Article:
In all, Alaska has 70 open farm permits, which include eight with nurseries and five hatcheries to provide seed stock to aquatic farmers. 

In 2019, Pacific oysters were the biggest crop, making up 95 percent of sales of $1.5 million, up slightly from the 10-year average.

For sugar and ribbon kelp, a crop of 112,000 pounds — up from about 17,000 pounds two years ago — was valued at $60,000.

The advantage of kelp is the short grow-out time, said Flip Pryor, aquaculture section chief for the Alaska Department of Fish and Game, which issues the permits.

“While interest is high, kelp farming production is just starting to come online,” Pryor said. “The growing process is pretty straight forward, but it sometimes takes a couple of tries to work the proverbial bugs out of each farm site. I expect to see that value increase significantly in the next couple of years.”

Alaska’s mariculture task force predicts a $100 million industry by the year 2040.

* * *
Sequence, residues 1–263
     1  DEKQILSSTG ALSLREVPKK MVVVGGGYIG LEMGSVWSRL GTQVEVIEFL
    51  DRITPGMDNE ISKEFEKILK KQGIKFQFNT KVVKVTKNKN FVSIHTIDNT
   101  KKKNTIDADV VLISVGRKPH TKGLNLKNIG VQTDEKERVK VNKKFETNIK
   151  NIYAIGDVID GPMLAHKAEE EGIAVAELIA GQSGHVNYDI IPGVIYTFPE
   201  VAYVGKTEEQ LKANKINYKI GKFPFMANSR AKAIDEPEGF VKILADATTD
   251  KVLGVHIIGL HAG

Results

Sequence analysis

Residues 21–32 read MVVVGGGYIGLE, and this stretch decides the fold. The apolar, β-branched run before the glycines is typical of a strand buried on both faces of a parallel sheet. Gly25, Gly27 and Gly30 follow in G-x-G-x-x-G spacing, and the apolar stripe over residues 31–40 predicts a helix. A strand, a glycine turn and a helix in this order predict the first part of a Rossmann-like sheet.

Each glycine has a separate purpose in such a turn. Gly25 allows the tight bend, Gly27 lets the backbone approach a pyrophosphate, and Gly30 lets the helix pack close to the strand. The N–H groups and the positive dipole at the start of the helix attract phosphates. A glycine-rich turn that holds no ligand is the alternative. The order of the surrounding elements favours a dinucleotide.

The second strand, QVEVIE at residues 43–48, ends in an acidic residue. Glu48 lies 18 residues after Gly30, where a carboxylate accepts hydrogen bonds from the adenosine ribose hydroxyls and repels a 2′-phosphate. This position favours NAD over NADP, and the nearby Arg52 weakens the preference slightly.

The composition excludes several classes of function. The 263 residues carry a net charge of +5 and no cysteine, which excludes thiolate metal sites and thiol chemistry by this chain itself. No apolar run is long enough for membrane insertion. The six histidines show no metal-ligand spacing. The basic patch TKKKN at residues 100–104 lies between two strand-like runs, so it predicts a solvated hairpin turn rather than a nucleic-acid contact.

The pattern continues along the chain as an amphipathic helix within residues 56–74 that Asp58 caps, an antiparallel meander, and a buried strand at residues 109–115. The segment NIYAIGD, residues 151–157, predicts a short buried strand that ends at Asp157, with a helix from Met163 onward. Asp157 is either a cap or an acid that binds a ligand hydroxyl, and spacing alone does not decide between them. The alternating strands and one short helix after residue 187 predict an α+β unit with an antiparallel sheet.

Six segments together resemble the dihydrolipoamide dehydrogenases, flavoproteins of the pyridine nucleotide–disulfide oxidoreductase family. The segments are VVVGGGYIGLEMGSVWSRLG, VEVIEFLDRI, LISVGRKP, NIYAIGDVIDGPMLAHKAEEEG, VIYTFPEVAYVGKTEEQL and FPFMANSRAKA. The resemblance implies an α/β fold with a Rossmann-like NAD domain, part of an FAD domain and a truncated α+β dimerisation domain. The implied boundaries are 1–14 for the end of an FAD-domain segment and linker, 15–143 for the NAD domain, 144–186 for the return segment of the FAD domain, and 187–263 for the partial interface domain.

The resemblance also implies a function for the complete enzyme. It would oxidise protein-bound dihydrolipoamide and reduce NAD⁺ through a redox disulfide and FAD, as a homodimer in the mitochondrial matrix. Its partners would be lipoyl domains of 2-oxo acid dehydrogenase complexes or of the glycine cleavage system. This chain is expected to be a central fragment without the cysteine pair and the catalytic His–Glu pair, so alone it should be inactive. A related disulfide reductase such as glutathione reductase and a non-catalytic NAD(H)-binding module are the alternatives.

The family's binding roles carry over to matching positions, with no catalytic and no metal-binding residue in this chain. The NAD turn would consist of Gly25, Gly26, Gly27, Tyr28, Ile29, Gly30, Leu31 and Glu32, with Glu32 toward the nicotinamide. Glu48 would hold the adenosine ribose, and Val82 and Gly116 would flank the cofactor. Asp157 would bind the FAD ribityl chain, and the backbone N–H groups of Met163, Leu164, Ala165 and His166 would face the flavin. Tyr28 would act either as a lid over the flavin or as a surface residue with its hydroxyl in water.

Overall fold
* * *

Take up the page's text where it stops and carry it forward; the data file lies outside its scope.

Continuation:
Halibut scholarships

High school students who feel a special pull for halibut might merit a scholarship to a university or technical college.

Every two years the International Pacific Halibut Commission funds several $4,000 scholarships to U.S. and Canadian students connected to the halibut fishery. The IPHC and its scientists have been stewards of the Pacific stock from British Columbia to the Bering Sea since 1923.

“If I was to highlight some of the candidates who’ve been successful in receiving the scholarship, it’s been those who are dependents of active fishers within the directed Pacific halibut fleets, but we will certainly consider others if they are involved in charter or recreational fishing,” said David Wilson, IPHC executive director. “We look at candidates from a broad spectrum of backgrounds, and somebody who expresses the desire or is more likely to come back to the industry postgraduate.”

The scholarships are renewable annually for the normal four-year period of undergraduate education.

The IPHC also offers other outreach teaching tools for all school ages. An Ocean Literacy Program package is downloadable, including lesson plans. And the colorful Flat or Fiction booklet is a keeper for any halibut lover!

For example, did you know that the treaty that formed the IPHC was the first international treaty in the world for the protection of a marine resource?

Back to the halibut scholarships: they will be available for school entrance or continuation this fall. Deadline to apply is June 30.

Find applications at the IPHC website under opportunities. Questions? Contact or 206-634-1838.